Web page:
Indiebookclub would be more useful if it created a meaningful link to information about the books.
Everyone has a pet peeve. At least currently, mine is the word “content.” It falls in the category of words like “quality,” “luxury,” and “awesome” that have been overused and abused so much that t…
You may remember the early days of Blogger. Posts didn’t have titles, and they were often quite short — sometimes just a sentence and maybe a link. And these posts appeared on a person’s own blog, which could be hosted anywhere.
Mozilla rolled out version 67 of its Firefox browser this week, fixing some security bugs and introducing a host of privacy features.
I’ve been jumping from Safari to Firefox and back again as my main browser but I’ve decided to stick with Firefox now. The Firefox account and extensions are good enough replacements for iCloud sync and it just feels like they’re continually developing and making improvements.
The American crime writer on his love of everything big, why he doesn’t rate Raymond Chandler, and reading all 55 of Ed McBain’s 87th Precinct novels
I’m looking forward to the sequel to Perfidia but every time time I read a James Ellroy novel I feel the need to go and look at pictures of cute puppies and fluffy bunny rabbits.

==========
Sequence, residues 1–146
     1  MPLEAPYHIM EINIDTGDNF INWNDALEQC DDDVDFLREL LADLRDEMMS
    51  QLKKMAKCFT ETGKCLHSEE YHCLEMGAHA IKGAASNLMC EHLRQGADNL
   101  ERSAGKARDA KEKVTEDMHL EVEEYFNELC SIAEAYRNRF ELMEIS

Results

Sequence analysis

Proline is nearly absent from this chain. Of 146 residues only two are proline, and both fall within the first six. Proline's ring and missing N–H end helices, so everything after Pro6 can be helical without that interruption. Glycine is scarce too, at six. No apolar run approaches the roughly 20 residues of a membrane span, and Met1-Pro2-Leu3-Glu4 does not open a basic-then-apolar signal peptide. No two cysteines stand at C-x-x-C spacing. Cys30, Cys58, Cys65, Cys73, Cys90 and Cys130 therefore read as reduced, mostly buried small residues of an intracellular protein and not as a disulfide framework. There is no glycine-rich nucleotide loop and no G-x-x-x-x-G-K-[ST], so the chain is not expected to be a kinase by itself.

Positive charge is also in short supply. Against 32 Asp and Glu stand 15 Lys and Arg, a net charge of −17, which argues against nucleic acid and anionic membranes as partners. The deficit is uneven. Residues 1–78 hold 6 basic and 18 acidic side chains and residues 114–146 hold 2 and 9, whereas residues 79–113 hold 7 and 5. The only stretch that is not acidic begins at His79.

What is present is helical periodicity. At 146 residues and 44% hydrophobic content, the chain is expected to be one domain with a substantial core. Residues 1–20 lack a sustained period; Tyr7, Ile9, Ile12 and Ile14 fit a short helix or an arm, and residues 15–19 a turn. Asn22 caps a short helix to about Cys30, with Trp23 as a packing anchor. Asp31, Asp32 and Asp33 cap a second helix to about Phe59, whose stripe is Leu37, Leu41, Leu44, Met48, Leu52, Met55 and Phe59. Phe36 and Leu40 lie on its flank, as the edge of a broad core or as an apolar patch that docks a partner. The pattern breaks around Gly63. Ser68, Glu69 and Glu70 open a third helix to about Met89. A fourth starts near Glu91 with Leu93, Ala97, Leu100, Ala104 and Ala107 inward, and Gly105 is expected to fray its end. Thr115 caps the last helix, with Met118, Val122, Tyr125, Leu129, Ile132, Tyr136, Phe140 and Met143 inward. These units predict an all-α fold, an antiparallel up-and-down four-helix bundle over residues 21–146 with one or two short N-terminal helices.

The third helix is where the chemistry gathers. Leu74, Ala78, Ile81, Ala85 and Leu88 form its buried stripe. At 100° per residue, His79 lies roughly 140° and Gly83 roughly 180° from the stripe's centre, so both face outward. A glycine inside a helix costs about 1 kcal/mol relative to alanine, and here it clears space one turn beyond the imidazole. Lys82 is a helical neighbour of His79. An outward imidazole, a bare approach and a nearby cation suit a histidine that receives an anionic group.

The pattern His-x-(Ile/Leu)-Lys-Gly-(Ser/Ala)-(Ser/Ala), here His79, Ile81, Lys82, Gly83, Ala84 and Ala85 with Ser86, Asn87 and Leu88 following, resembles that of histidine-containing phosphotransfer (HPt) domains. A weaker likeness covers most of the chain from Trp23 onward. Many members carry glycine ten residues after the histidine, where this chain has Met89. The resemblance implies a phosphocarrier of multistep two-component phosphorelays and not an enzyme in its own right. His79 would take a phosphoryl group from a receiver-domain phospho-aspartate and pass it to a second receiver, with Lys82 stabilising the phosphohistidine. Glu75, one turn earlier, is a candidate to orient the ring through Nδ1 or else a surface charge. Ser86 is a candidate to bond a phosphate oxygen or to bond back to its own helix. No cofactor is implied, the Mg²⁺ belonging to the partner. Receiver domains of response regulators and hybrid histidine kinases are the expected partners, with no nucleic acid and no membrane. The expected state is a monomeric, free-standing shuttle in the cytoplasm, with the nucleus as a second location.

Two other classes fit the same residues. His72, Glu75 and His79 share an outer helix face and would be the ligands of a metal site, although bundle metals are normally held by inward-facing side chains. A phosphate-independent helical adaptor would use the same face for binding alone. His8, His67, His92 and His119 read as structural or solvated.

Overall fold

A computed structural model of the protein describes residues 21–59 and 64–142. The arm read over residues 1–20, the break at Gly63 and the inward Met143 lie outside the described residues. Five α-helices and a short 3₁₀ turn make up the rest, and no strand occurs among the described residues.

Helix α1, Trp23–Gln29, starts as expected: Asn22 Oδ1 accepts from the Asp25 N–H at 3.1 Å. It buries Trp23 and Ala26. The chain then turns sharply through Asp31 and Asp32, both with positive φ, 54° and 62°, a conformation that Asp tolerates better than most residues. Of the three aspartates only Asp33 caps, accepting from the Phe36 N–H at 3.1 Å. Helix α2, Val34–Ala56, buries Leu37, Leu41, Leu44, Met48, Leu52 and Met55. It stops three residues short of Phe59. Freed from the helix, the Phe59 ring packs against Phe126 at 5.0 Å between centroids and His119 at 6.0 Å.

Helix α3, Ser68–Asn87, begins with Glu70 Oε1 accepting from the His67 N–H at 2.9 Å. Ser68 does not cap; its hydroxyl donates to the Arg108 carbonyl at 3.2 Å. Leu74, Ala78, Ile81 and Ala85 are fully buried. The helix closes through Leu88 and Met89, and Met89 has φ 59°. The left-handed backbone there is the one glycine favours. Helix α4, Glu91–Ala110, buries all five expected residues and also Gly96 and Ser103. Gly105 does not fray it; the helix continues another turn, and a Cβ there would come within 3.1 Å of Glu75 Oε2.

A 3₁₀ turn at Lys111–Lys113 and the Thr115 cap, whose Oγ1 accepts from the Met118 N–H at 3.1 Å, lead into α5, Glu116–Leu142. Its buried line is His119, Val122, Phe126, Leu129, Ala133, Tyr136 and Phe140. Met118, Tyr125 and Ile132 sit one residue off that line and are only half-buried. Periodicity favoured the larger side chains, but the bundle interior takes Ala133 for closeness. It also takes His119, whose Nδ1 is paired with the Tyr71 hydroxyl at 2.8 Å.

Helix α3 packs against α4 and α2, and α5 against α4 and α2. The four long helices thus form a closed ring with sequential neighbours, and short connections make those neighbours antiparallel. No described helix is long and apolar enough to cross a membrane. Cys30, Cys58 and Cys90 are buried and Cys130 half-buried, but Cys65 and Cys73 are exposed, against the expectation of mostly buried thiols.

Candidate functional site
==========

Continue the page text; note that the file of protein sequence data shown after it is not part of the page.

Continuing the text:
Inspired by punk’s energy, the new wave of British heavy metal helped put the ‘snot and piss’ back into rock music. Forty years on, its leading players tell the story
This brought back some memories. The comments are terrible as usual. There is literally no subject that grown men won’t moan about on The Guardian (or elsewhere for that matter).
Prior to the release of their second post-Daevid Allen album, The Universe Also Collapses, Sean Kitching talks to Dave Sturt and Kavus Torabi of Gong about ten points of entry into a bewilderingly large back catalogue
I love the new album.
For more than a year, the Observer writer has been probing a darkness at the heart of Silicon Valley. Last week, at a TED talk that became a global viral sensation, she told the tech billionaires they had broken democracy. What happened next?